• Liquids do not boil away in the crockpot, so if you are making a recipe that wasn’t specifically developed for the crockpot, reduce the liquid by 1/3 to ½ unless you are cooking rice or making soup.
  • Remove cooked food from the crockpot before storing in the refrigerator. Because the crockpot is made of such thick material, the food won’t cool down quickly enough to prevent the growth of harmful bacteria.
  • Stir in spices for the last hour of cooking. They will lose flavor if cooked with the rest of the ingredients for the long cooking period.
  • Always follow manufacturer’s instructions carefully.
  • Avoid lifting the lid to stir, especially if you are cooking on the low setting. Each time you lift the lid, enough heat will escape that the cooking time should be extended by 20 minutes to half an hour.
  • If the power goes out and you have not been at home, throw the food away. If you are at home, finish cooking the ingredients immediately by some other means such as on a gas stove or outdoor grill.

With our busy schedules, families are always on the lookout for quick-to-prepare meals they can enjoy at home. The crockpot is the answer.

If you would like more information about crockpot cooking, contact me at the Howard County Extension Office at 870-845-7517. I’ll be glad to send you a fact sheet, “Slow Cooker Food Safety”.

Recipe of the Week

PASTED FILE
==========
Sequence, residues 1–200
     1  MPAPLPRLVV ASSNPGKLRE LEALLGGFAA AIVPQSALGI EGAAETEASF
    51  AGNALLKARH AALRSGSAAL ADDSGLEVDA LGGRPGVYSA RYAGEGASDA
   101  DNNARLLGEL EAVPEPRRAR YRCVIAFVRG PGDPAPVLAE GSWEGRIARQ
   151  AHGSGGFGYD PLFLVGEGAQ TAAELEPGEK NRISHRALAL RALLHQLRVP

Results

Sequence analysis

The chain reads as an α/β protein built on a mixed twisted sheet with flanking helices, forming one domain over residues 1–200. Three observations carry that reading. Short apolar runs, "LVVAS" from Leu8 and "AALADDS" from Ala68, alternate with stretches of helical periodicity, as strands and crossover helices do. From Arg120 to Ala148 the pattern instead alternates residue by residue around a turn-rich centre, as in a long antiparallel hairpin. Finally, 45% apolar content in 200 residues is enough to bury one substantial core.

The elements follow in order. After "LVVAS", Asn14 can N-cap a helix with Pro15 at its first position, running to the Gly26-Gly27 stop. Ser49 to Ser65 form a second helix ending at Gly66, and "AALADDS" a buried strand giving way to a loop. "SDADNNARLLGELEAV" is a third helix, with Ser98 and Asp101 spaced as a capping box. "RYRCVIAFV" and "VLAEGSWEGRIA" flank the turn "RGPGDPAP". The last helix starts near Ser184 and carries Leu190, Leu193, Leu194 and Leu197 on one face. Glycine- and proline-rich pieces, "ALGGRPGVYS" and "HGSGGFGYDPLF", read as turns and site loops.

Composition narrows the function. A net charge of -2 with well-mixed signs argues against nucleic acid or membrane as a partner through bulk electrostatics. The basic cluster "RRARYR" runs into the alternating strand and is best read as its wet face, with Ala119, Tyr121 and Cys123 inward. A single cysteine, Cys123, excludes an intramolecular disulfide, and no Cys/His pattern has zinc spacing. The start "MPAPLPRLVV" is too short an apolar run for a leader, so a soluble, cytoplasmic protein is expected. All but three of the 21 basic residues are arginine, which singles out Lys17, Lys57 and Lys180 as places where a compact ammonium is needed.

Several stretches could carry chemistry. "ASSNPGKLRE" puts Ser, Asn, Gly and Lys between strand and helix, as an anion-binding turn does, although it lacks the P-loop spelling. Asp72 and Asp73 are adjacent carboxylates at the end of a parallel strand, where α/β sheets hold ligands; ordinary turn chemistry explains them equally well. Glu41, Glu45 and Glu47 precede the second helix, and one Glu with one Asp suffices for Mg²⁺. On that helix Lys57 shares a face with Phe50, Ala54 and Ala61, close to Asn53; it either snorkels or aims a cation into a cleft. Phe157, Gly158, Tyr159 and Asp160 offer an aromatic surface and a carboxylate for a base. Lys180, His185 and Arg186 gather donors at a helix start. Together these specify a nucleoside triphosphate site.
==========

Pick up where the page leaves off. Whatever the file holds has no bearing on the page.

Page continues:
Here is a great recipe to prepare in the crockpot for an easy weeknight meal. Put the ingredients in the crockpot before you leave in the morning and it will be ready when you come home.

Whole-Dinner Roast Beef

3 pound beef chuck roast

3 to 4 russet potatoes, washed, cut in quarters, lengthwise

1/2 bag small baby carrots

1 onion, peeled and quartered

1 teaspoon basil

1 jar beef gravy

Salt and pepper to taste

Prepare vegetables and place in bottom of crockpot that has been sprayed with nonstick cooking spray. You could also use a slow cooker liner. Sprinkle with salt and pepper. Add ½ teaspoon basil. Place meat on top of vegetables. Sprinkle with salt and pepper, if desired. Pour gravy over top and sprinkle with remaining basil. Cook on high 3 to 4 hours or low 6 to 7 hours.

*Note: You may brown the roast in a skillet before adding to crockpot to enhance the flavor.

By Jean Ince
County Extension Agent - Staff Chair
The Cooperative Extension Service
U of A System Division of Agriculture

Media Contact: Jean Ince
County Extension Agent - Staff Chair
U of A Division of Agriculture
Cooperative Extension Service
421 N. Main St, Nashville AR 71852
(870) 845-7517
jince@uaex.edu

 

The Arkansas Cooperative Extension Service is an equal opportunity/equal access/affirmative action institution. If you require a reasonable accommodation to participate or need materials in another format, please contact your County Extension office (or other appropriate office) as soon as possible. Dial 711 for Arkansas Relay.

The Arkansas Cooperative Extension Service offers its programs to all eligible persons regardless of race, color, sex, gender identity, sexual orientation, national origin, religion, age, disability, marital or veteran status, genetic information, or any other legally protected status, and is an Affirmative Action/Equal Opportunity Employer.

Top